• It can't be done as intended, because the total will always be even. Dudeney's solution? There Ain't No Rule saying you can't turn the paper upside-down first, letting you circle three 6s and three 1s.
    • A reader came up with an alternative solution; drawing a single circle around two 1s to get 11, then circling three 3s and the other 1.
  • The classic "nine dots" puzzle challenges you to connect a square of nine dotes with just four straight lines without lifting your pen from the paper. It's impossible to do this unless you literally "think outside the box" and notice that there's nothing in the puzzle that forbids letting the lines run outside of the square.
    • Or you can fold the paper, use a very thick line, connect your four straight lines with a few curvy lines, etc.
    • Nobody said what shape it had to be, you can start at one corner, go out, go diagonal, go back, and go diagonal again.
  • Tie a knot in a length of rope with both hands without letting go of the rope. There Ain't No Rule saying you can't tie your arms in a knot first (ie, fold your arms).
    • Or tie the knot around your arm, or tie an unknot, or stop holding it with one hand, but keep a firm grip with the other, and thus not letting go, or tying the knot in a different part of the rope, or don't hold on with your hands in the first place (but still use your hands in some other way) or hold the rope in a circle around you while tying a knot with a piece of string while inside the circle.
  • One worksheet that is sometimes given to students in (usually elementary) school describes the classic "You are in a supermarket but find that your cart can only make left turns. Navigate the supermarket, getting everything on your list making only left turns"-maze scenario. There was no rule stating people can't draw a U-turn back to the start (where they get the cart" and write "Get a new cart that isn't broken."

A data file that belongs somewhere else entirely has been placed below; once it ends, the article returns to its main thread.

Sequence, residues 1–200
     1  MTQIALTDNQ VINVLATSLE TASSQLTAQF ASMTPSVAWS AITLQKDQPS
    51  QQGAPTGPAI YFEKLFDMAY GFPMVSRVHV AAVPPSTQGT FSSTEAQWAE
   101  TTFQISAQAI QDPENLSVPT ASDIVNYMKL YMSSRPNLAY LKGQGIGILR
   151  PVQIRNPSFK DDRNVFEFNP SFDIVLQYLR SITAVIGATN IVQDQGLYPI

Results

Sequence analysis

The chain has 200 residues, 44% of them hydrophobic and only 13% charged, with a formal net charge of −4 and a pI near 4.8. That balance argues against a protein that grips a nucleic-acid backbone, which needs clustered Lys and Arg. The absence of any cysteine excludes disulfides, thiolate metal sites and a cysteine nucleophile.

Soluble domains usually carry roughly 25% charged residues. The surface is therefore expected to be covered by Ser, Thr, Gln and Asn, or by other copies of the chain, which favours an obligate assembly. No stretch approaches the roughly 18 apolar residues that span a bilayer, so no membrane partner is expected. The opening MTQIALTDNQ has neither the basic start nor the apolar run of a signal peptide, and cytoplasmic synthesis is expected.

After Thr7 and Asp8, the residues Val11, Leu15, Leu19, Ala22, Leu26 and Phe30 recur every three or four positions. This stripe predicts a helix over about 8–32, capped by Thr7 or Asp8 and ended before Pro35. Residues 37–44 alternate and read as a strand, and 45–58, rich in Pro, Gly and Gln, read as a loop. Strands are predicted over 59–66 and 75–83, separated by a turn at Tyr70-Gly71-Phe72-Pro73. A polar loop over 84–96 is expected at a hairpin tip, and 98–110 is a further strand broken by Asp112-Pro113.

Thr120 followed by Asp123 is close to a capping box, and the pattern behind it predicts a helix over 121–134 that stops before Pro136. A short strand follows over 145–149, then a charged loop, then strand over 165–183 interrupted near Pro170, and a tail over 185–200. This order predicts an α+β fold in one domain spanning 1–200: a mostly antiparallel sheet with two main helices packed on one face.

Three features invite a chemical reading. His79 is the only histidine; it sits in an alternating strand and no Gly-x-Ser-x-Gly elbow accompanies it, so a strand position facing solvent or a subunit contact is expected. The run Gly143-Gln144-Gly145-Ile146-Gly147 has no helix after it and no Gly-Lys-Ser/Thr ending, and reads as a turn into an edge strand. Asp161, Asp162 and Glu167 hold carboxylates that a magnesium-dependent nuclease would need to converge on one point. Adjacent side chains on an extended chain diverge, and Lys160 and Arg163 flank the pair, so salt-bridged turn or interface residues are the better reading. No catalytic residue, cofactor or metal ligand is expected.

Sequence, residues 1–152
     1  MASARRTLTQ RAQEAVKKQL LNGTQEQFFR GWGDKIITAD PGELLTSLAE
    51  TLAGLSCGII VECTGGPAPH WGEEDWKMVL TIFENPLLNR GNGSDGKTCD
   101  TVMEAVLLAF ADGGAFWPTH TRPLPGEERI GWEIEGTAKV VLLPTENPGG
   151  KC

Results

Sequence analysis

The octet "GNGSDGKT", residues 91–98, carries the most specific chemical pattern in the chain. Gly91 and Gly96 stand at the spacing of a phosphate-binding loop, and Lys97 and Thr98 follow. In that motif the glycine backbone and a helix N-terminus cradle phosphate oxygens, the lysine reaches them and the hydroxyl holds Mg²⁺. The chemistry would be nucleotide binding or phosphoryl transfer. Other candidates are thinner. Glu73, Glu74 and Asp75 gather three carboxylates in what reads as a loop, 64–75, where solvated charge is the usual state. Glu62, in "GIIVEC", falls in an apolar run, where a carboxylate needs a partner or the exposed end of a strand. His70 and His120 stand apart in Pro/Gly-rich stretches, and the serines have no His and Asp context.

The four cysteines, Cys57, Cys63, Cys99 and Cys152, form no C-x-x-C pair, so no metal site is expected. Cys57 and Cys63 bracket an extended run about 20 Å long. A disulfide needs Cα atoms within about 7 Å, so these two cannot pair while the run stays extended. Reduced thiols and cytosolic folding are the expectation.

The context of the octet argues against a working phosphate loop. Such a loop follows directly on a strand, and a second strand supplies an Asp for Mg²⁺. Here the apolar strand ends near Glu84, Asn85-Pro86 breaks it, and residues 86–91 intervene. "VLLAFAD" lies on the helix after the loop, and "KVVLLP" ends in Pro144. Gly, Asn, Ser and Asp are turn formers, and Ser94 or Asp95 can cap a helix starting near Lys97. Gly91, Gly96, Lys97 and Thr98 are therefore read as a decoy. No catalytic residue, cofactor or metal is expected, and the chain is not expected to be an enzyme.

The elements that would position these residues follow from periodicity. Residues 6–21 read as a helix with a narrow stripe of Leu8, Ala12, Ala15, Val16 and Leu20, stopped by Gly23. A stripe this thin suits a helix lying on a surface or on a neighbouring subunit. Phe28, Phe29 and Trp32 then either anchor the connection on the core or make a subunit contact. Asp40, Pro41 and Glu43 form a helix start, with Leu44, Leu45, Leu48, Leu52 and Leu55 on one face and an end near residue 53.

• For quite a while Spider-Man: Turn Off the Dark exploited a longstanding critic tradition of not releasing a review until after opening night by labeling all of their productions as "dress rehearsals"—despite selling tickets for them to the public at full price. In fact, rumor had it that the producers intended to keep it in dress rehearsals its entire run and never formally open it.
    • Then again, there's no rule that says critics have to wait for opening night to review a show either—a fact many reviewers took advantage of when the official opening had been delayed one too many times. To say they were unkind would be a massive understatement.

Web Original

  • Elaine E. Nalley in the Whateley Universe is so notorious for doing this at Whateley Academy that the headmistress gave her the codename Loophole. As a Rules Lawyer, this can cause problems. Eventually, she discovers that the administration believes in Rule Zero.
    • In another Whateley example, Jobe Wilkin's mandatory school codename is... Jobe Wilkins. It's not just megalomania, given his notoriety as the only son[1] of the setting's Captain Ersatz of Dr. Doom he figures he's not going to go unrecognized in any event.
  • Ain't no rule that vampires can't be gymnasts!
  • Skeletor competes in a Pokémon match [dead link]
  • In the Global Guardians PBEM Universe, the 1964 Summer Olympics saw both the United States and the Soviet Union field teams filled to the brim with super-humans. In some cases, the "athletes" were quite obviously superhuman. Olympic officials swiftly closed the loophole that allowed superhuman "athletes" and disqualified both teams before competition actually began.
  • A big problem in the Salvation War is that nobody has made laws pertaining to the dead, which causes quite a few legal headaches.
    • Another time, a British colonel tried to take over the command of Free Hell, only to be stopped by Julius Ceaser who points out that because of the amount of people under his command, he is technically a general.
  • Skippy's List has examples:

124. Two drink limit does not mean first and last.
125. Two drink limit does not mean two kinds of drinks.
126. Two drink limit does not mean the drinks can be as large as I like.
127. "No Drinking Of Alcoholic Beverages" does not imply that a Jack Daniel's® IV is acceptable.
135. An order to put polish on my boots means the whole boot.


There's nothing in the basketball rulebook that says a duck can't build a giant bin of money to swim in.


New Media

  1. At least at first, this is Whateley after all